7.4.4 EFFECT OF WITHDRAWALS ON WATER LEVEL OF OFFSITE LAKES
(Ref. 16J-2.11 (4)(d))

No lowering of offsite lake-water levels of more than one foot will result from

the proposed withdrawals since there are no lakes near any proposed mining

operations that are not now owned or otherwise controlled by the permitted.


7.4.5 MAXIMUM LOWERING OF THE POTENTIOMETRIC SURFACE
(Ref. 16J-2.11 (4)(e))

For the prevention of possible salt-water encroachment, the potentiometric

surface should not decline below mean sea level (MSL). The minimum water level

in the wells at the proposed plant site during May, 1976, was about 20 feet

above MSL. The steady-state drawdown at the proposed well field as derived

from the aquifer model was 7.4 feet. Therefore, 12.6 feet of drawdown will

be available and the potentiometric surface will not be lowered below mean sea

level as a result of pumping from the proposed well field.


7-22






















Water-Level Declines with Distance from a Mining Cut as
Related to Thickness of the Shallow Water-Table Aquifer





so teeth





Oeet
sol:
e'

10-
coo T = 2,500 gpd/f t.
S = 0.15
t = 30 days
so= saturated thickness a
S/ Water-Table Aquifer
15




P.E.

20 I I I I I I
-n 0 100 200 300 400 500 600 700
' Distance from a mining cut in feet
C
C-

(n










7.5 EXCEPTIONS

Exceptions may be granted to Section 16J-2.11 (2), (3) and (4) for the

following reasons:

"The Board for good cause shown may grant exceptions to the provisions
when after consideration of all data presented, including economic
information, it finds that it is consistent with the public interest."
16J-2.11 (5)


The proposed Brushy Creek storage basin will reduce the rate of flow on Brushy

Creek by 0 to 46 percent depending upon the amount of streamflow as discussed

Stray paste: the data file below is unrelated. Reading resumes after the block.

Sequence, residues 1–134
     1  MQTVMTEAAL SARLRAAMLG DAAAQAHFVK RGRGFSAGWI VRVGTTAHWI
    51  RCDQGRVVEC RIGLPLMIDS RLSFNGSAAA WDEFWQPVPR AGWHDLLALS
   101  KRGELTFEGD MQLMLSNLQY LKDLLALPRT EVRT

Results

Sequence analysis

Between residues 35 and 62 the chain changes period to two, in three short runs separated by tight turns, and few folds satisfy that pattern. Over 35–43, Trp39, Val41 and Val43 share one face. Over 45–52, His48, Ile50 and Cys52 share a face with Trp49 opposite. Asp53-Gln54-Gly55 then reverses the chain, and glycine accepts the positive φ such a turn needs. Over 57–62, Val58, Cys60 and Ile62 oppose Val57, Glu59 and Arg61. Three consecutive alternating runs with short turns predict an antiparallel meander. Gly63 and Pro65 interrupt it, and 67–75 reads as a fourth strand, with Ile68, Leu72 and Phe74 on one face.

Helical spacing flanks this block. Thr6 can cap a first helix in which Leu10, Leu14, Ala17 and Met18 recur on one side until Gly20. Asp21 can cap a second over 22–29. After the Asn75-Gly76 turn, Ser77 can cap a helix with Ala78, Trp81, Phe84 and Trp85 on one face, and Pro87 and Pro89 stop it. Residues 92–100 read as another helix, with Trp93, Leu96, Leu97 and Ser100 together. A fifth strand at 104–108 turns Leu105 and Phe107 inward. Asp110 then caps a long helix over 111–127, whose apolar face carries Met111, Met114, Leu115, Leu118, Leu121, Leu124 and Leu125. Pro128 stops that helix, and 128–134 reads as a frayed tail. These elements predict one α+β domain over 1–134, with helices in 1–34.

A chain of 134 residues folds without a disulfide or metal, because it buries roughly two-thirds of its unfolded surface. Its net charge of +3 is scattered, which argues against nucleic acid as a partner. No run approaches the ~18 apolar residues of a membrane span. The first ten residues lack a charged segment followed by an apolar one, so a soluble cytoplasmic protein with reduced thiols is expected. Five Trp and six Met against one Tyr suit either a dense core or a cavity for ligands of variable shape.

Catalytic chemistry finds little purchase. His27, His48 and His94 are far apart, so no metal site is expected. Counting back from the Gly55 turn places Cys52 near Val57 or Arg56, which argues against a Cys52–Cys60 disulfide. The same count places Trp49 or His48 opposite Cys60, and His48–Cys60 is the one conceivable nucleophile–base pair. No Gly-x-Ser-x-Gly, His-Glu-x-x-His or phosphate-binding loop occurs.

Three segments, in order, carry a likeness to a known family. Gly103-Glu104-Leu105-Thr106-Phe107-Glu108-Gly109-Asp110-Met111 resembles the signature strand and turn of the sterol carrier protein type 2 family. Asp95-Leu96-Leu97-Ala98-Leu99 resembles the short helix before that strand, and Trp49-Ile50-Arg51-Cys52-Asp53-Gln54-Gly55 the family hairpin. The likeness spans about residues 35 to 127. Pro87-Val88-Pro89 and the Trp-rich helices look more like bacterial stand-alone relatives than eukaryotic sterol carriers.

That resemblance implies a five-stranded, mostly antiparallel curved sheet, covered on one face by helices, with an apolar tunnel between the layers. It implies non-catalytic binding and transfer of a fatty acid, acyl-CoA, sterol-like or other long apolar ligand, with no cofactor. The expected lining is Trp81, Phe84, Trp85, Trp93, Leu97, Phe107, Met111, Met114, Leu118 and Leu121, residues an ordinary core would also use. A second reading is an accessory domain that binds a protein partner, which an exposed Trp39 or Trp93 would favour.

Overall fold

more fully in Section 7.4.1. A special exception to Section 16J-2.11 (4) is

requested since the proposed diversion of surface water will not alter the

low-flow conditions of the stream, but will divert an increasing percentage

of the flood flows above 3.25 cfs. This diversion will decrease the water

demand upon the Floridan Aquifer by an average of 5.49 mgd, which is consistent

with good water resource management and with the interest of the public.


7.6 OTHER PERMIT APPLICATIONS

Additional applications for permits will be submitted in the future.


Under Chapter 16J-1, "Works of the District", permits may be required to:

to, withdraw water from, discharge water into, place construction
within or across, or to otherwise make use of the works of the Southwest
Florida Water Management District."


Under Chapter 16J-3, "Regulation of Wells", permits may be required to:

to construct a water well, and/or construct test or foundation
holes."


6__7-24










Under Chapter 16J-4, "Management and Storage of Surface Water", permits may

be required to:

to construct, alter, abandon or remove any dam, impoundment,
reservoir, appurtenant work, or works which:
(a) Impounds water on an area exceeding forty (40) acres by means
of dams and appurtenant works.
(b) Diverts water from an area exceeding forty (40) acres by means
of dikes, levees, fills or other means, including upstream
dams and appurtenant works, impoundments, reservoirs or works.
(c) Reroutes, restrict, or alters the rate of flow of a stream or
other watercourse which drains a watershed having an area
exceeding five (5) square miles."


Additionally, permits may be required:

to operate or maintain any dam, impoundment, reservoir,
appurtenant work, or works which:
(a) Impounds water on an area exceeding one hundred and sixty (160)
acres by means of dams and appurtenant works.
(b) Diverts water from an area exceeding one hundred and sixty (160)
acres by means of dikes, levees, fills or other means, including
upstream dams and appurtenant works, impoundments, reservoirs or
works.
(c) Is equipped with a headgate, valve or other operable structure
which impounds on or diverts from an area exceeding forty (40)
acres or which is located on a stream or other watercourse."


7-25


3--